Prevention and Education


It's That Time Of Year Again...Wildland Fire Season

Wildland fire season is upon us, and much earlier than normal. Due to drier than normal conditions, fuels are ripe for ignition and we are already seeing large, damaging fires in southern California. Not enough emphasis can be placed on how important it is for citizens to ensure they have cleared and cleaned their property, and maintain a 100 foot clearance around their home. While we all are busy, the time spent making sure you and your home have a fighting chance during a wildfire can mean the difference between your home's and your survival.

Below is a brief article on how wildfires work. Knowing the why's of something can often help us better understand the how to's. Then check out the informative Wildland Fire Safety info sheet from the NFPA

How Wildfires Work

Wildfires spread based on the type and quantity of fuel that surrounds it. Fuel can include everything from trees, underbrush and dry grassy fields to homes. The amount of flammable material that surrounds a fire is referred to as the fuel load. Fuel load is measured by the amount of available fuel per unit area, usually tons per acre.

A small fuel load will cause a fire to burn and spread slowly, with a low intensity. If there is a lot of fuel, the fire will burn more intensely, causing it to spread faster. The faster it heats up the material around it, the faster those materials can ignite. The dryness of the fuel can also affect the behavior of the fire. When the fuel is very dry, it is consumed much faster and creates a fire that is much more difficult to contain.

Here are the basic fuel characteristics that decide how it affects a fire:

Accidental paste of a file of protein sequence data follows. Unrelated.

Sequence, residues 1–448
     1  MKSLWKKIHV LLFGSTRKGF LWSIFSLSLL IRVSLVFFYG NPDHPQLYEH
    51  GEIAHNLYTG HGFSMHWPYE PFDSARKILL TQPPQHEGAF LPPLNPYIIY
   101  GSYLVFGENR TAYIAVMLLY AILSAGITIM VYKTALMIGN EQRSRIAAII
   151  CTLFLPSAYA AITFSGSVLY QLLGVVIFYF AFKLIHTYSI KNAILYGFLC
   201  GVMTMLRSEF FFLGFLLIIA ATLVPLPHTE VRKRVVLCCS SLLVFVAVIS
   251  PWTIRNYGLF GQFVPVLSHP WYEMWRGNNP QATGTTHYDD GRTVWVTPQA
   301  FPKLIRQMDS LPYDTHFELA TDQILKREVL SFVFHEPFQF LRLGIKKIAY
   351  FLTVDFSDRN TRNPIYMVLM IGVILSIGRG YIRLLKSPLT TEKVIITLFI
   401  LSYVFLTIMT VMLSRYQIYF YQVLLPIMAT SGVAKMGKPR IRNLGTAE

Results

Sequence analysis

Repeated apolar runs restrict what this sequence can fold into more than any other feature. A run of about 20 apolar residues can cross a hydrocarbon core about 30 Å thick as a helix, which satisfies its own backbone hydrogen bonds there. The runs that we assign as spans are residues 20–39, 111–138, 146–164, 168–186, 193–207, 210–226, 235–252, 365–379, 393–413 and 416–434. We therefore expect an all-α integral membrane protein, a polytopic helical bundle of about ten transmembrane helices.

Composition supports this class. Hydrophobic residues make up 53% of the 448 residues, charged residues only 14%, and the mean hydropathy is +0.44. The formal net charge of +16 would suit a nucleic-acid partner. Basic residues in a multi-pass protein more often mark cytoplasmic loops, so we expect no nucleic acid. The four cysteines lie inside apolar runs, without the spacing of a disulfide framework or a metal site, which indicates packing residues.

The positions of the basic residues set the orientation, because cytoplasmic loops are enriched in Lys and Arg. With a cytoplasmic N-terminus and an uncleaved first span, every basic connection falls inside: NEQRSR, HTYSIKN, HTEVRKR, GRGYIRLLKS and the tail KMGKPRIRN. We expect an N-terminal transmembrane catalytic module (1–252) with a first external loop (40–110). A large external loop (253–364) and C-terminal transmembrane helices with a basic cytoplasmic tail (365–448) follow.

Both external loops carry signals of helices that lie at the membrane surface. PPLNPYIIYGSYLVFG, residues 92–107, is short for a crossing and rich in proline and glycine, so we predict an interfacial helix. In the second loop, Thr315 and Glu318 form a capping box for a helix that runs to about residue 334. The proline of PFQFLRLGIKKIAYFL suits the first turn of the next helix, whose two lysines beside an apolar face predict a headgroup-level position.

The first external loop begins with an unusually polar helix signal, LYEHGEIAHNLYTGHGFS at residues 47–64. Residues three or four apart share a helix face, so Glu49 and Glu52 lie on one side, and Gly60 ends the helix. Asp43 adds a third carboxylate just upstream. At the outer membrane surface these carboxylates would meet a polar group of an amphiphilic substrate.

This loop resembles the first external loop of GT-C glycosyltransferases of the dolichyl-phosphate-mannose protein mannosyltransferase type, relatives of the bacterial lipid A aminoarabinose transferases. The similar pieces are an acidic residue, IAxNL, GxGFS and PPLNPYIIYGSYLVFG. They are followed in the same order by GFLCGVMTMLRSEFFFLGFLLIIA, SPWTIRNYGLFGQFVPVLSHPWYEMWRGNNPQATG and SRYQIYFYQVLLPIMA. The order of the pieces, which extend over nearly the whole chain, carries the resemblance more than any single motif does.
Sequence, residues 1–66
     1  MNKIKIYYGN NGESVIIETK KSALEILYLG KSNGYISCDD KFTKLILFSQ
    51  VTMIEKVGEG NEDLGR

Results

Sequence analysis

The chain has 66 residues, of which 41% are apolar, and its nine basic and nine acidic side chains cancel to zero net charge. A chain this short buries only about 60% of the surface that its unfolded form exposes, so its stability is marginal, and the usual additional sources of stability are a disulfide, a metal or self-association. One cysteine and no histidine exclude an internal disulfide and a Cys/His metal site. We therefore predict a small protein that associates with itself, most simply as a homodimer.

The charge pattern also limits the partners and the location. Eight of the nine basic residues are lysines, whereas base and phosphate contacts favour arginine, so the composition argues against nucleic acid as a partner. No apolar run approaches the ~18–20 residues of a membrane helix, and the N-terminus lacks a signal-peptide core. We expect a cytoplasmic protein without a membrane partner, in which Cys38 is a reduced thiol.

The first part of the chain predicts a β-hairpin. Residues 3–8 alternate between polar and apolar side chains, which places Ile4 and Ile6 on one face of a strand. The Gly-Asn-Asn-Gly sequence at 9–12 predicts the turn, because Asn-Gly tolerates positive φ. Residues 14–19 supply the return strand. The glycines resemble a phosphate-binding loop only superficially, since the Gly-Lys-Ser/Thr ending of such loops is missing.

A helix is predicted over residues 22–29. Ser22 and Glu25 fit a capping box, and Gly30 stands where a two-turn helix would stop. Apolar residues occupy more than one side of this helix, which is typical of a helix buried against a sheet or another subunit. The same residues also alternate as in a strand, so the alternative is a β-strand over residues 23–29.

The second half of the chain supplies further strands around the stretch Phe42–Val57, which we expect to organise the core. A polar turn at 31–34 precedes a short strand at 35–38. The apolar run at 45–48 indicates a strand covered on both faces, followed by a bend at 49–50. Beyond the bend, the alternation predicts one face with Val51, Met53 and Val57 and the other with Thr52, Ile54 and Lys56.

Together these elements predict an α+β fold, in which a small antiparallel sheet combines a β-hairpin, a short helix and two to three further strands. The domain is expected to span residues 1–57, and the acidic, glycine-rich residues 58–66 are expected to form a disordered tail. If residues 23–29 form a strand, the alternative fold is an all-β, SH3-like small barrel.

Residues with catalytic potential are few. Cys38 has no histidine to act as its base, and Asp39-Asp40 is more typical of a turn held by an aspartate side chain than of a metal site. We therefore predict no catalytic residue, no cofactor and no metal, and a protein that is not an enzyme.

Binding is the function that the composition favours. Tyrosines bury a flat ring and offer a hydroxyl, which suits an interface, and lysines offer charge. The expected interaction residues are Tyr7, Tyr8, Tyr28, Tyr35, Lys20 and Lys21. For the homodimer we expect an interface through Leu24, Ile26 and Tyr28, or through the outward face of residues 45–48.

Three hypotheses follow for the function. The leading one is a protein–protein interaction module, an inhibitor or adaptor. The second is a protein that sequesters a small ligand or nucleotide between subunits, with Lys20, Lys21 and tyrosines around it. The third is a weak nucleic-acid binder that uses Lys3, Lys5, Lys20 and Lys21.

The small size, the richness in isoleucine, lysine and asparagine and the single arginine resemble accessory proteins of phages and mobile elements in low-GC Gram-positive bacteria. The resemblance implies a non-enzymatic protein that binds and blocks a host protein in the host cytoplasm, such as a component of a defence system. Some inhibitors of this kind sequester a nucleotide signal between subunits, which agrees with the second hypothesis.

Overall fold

• Size and shape

  • Arrangement

  • Moisture content

Small fuel materials, also called flashy fuels, such as dry grass, pine needles, dry leaves, twigs and other dead brush, burn faster than large logs or stumps (this is why you start a fire with kindling rather than logs). On a chemical level, different fuel materials take longer to ignite than others. But in a wildfire, where most of the fuel is made of the same sort of material, the main variable in ignition time is the ratio of the fuel's total surface area to its volume. Since a twig's surface area is not much larger than its volume, it ignites quickly. By comparison, a tree's surface area is much smaller than its volume, so it needs more time to heat up before it ignites.

As the fire progresses, it dries out the material just beyond it -- heat and smoke approaching potential fuel causes the fuel's moisture to evaporate. This makes the fuel easier to ignite when the fire finally reaches it. Fuels that are somewhat spaced out will also dry out faster than fuels that are packed tightly together, because more oxygen is available to the thinned-out fuel. More tightly-packed fuels also retain more moisture, which absorbs the fire's heat.

Bonsor, Kevin. "How Wildfires Work" 29 May 2001. <> 17 May 2014.

Be Safe!

Elizabeth Martin
Public Education Officer

Fire Safety Education

West Point Fire Protection District is proud to assist in educating our communities in fire safety. It isn't just the children at the elementary school who can benefit from fire safety education. Did you know that nearly two-thirds of home fire deaths resulted from fires in homes without working smoke detectors? And during winter months, one of the leading causes of home fires is due to heating equipment.

Every year families lose their homes and possessions to wildfire. These losses can be minimized if homeowners take preventive measures and learn how to protect their property. And something as simple as making your address visible during both day and night can assist firefighters in finding you faster in an emergency.

Fire safety education is for everyone. If you or your organization or group has questions or would like to have a fire safety visit, please contact us.


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